from The American Heritage® Dictionary of the English Language, 5th Edition.

  • noun The killing of animals especially for food.
  • noun The killing of a large number of people; a massacre.
  • transitive verb To kill (animals) especially for food; butcher.
  • transitive verb To kill (people) in large numbers; massacre.
  • transitive verb To kill in a violent or brutal manner.

from The Century Dictionary.

  • To kill; slay; especially, to kill wantonly, ruthlessly, or in great numbers; massacre: as, to slaughter men in battle.
  • To butcher; kill, as animals for the market or for food: as, to slaughter oxen or sheep.
  • noun The act of slaying or killing, especially of many persons or animals.
  • noun Applied to beasts, butchery; the killing of oxen, sheep, or other animals for market.
  • noun Great or sweeping reduction in the price of goods offered for sale.
  • noun Synonyms Havoc. See kill.

from the GNU version of the Collaborative International Dictionary of English.

  • transitive verb To visit with great destruction of life; to kill; to slay in battle.
  • transitive verb To butcher; to kill for the market, as beasts.
  • noun The extensive, violent, bloody, or wanton destruction of life; carnage.
  • noun The act of killing cattle or other beasts for market.

from Wiktionary, Creative Commons Attribution/Share-Alike License.

  • noun uncountable The killing of animals, generally for food; ritual slaughter (kosher and halal).
  • noun A massacre; the killing of a large number of people.
  • noun A rout or decisive defeat.
  • verb transitive To butcher animals, generally for food
  • verb transitive To massacre people in large numbers
  • verb transitive To kill in a particularly brutal manner

from WordNet 3.0 Copyright 2006 by Princeton University. All rights reserved.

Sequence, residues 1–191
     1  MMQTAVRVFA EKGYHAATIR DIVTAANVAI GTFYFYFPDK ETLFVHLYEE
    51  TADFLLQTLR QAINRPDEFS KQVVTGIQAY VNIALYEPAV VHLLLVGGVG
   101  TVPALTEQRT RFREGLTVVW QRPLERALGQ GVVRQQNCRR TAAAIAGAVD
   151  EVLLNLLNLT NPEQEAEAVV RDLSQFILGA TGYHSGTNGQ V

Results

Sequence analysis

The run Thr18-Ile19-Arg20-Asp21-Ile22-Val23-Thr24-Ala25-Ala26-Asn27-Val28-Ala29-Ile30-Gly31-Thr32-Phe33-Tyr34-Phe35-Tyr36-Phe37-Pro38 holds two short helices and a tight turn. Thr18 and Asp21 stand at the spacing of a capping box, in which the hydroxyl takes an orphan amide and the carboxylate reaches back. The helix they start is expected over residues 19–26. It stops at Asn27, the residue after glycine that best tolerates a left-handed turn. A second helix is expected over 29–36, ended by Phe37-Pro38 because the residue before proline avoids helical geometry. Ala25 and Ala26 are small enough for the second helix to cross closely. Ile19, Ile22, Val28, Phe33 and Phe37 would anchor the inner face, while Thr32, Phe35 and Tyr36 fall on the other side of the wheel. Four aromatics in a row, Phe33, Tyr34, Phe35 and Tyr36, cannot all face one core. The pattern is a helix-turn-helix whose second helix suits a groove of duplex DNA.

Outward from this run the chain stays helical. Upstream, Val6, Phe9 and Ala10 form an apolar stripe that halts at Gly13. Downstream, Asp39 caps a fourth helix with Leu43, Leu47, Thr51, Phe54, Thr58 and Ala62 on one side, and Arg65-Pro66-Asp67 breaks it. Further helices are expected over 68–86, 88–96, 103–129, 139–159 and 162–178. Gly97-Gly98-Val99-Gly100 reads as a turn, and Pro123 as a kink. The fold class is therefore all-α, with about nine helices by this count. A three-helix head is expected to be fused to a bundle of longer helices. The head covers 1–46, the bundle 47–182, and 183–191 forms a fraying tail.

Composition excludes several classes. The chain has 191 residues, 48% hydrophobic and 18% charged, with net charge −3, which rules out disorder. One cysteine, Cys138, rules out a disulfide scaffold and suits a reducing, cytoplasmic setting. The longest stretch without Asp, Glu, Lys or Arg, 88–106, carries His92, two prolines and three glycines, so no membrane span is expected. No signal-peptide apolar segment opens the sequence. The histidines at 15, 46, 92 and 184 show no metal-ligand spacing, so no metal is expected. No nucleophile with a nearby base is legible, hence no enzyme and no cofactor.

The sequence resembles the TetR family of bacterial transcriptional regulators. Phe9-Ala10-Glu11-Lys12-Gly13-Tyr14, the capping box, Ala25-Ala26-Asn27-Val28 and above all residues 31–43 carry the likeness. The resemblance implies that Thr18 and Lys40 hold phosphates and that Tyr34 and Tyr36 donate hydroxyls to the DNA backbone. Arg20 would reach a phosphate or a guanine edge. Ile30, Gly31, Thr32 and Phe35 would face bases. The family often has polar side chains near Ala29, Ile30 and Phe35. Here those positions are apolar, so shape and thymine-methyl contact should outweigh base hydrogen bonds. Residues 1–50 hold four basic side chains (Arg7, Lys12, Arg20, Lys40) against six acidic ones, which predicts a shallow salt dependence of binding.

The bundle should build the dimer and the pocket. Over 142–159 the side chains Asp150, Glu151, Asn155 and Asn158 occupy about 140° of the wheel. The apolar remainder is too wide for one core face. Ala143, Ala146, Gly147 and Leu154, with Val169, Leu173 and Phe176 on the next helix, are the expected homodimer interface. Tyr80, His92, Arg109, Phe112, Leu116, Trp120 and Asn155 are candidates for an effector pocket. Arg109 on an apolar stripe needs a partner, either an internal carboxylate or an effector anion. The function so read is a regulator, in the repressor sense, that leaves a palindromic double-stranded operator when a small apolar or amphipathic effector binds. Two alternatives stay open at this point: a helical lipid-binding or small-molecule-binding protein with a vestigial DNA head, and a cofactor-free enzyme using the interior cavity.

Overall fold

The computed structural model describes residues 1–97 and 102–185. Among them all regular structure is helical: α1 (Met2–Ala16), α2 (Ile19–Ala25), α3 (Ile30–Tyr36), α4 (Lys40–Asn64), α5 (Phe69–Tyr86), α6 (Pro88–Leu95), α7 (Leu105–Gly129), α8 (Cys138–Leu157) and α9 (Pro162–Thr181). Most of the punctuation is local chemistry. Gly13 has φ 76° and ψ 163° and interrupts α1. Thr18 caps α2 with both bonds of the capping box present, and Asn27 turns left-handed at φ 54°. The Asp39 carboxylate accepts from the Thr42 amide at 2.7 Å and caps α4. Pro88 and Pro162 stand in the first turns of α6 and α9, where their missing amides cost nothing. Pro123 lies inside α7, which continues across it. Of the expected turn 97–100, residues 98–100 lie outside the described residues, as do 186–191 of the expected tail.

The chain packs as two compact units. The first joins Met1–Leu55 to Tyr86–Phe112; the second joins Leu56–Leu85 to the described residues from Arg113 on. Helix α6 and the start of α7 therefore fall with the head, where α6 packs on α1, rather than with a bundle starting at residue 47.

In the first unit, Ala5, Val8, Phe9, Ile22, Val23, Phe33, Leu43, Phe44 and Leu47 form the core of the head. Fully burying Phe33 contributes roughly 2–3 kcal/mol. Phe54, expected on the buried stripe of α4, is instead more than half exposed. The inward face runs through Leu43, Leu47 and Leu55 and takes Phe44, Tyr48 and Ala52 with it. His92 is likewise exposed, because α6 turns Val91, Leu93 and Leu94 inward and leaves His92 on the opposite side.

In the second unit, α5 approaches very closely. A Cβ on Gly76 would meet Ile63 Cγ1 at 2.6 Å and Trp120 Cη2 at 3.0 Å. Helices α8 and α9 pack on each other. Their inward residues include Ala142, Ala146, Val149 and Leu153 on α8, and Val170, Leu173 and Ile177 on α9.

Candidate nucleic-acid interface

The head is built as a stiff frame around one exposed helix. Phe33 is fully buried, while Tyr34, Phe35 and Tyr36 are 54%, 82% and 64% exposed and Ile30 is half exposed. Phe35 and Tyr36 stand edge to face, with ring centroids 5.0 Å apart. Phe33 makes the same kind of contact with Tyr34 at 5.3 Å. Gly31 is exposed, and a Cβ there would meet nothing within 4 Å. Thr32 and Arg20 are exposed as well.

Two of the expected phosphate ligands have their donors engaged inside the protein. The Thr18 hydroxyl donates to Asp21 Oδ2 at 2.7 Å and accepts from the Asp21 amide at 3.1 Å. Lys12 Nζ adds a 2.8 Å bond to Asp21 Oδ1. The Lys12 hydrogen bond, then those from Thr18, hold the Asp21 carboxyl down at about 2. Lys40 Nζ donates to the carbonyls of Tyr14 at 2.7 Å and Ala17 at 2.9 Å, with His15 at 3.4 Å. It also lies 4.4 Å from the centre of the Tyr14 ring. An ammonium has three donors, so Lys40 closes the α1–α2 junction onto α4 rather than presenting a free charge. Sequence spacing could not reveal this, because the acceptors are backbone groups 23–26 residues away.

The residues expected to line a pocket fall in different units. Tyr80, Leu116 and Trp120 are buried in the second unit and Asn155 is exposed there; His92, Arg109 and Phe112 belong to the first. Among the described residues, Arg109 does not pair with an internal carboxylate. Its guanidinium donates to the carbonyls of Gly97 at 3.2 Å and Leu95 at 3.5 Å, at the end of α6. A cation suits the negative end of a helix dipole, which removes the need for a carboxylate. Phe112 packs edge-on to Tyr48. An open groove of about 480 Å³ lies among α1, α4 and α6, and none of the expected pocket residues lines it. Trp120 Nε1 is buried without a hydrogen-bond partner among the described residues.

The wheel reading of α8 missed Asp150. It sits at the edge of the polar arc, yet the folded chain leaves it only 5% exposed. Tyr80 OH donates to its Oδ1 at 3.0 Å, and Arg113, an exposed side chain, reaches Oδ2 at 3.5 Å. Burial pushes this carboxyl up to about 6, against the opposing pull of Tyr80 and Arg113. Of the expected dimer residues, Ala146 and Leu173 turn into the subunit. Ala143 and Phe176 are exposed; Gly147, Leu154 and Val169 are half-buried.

• noun the savage and excessive killing of many people
  • noun the killing of animals (as for food)
  • noun a sound defeat
  • verb kill (animals) usually for food consumption
  • verb kill a large number of people indiscriminately


from The American Heritage® Dictionary of the English Language, 4th Edition

[Middle English, of Scandinavian origin; akin to Old Norse slātr, butchery.]

from Wiktionary, Creative Commons Attribution/Share-Alike License

From Old Norse slátr, from Proto-Germanic *sluHtís.


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  • "Selling horses for slaughter was an option when the country had facilities to take them, Butcher said, but now people are left with the cost of euthanasia plus disposal fees that can run into hundreds of dollars - if they don't decide to abandon the animals. Horse slaughter 'would be an incredible industry for Montana', generating jobs not just in the killings but also in areas such as preparation of meat for sale in Europe and packaging of dog food, he said."

    - AP, Montana legislator pushes for horse slaughterhouse,, 2 Feb 2009.

    The appropriately named Butcher of the story is Montana Republican Rep. Ed Butcher.

    February 11, 2009